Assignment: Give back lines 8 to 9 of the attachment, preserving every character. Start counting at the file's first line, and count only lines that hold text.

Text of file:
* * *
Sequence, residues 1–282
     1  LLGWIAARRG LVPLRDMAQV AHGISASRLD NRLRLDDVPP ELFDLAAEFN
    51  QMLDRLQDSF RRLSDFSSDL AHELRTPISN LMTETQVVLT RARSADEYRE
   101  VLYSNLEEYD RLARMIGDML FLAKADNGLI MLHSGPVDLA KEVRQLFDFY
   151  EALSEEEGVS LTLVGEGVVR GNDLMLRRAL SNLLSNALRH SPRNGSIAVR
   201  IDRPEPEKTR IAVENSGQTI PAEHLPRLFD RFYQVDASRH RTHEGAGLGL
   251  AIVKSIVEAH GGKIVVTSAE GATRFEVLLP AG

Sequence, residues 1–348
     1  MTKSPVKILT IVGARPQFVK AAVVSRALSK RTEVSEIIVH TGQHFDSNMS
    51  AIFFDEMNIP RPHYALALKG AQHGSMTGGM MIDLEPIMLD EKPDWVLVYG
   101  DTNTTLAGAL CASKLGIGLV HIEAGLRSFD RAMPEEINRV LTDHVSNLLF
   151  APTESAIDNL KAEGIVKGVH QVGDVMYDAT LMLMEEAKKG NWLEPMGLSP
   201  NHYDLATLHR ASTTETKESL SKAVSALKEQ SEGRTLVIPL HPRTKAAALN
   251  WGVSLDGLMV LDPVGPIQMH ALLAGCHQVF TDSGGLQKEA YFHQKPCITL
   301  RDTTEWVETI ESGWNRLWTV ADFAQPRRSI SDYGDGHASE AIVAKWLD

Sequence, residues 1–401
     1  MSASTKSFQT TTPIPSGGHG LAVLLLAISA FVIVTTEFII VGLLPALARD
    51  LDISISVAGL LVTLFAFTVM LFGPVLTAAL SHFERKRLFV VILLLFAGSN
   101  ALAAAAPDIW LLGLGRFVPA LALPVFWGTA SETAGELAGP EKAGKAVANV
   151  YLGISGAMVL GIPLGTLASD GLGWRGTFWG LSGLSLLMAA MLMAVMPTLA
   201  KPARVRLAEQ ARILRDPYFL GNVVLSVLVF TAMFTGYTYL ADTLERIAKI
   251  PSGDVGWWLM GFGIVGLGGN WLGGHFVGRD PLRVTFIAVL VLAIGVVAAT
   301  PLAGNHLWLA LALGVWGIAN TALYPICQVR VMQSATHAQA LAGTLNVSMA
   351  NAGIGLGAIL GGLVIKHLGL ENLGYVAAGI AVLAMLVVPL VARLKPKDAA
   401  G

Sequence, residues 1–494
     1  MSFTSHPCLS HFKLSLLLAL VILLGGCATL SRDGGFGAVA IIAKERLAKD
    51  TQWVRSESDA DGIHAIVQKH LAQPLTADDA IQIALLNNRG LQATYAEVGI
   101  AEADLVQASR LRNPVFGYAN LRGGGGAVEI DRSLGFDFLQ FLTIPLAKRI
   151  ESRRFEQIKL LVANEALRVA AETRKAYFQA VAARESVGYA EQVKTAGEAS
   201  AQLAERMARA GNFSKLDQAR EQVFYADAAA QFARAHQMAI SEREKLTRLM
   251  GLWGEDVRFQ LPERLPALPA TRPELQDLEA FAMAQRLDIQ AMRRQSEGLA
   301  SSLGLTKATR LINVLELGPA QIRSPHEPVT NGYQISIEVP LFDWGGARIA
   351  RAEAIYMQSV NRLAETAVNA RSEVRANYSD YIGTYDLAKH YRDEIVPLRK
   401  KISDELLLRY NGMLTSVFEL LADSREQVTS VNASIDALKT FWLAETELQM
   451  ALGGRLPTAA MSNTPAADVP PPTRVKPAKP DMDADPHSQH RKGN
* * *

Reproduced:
Sequence, residues 1–348
     1  MTKSPVKILT IVGARPQFVK AAVVSRALSK RTEVSEIIVH TGQHFDSNMS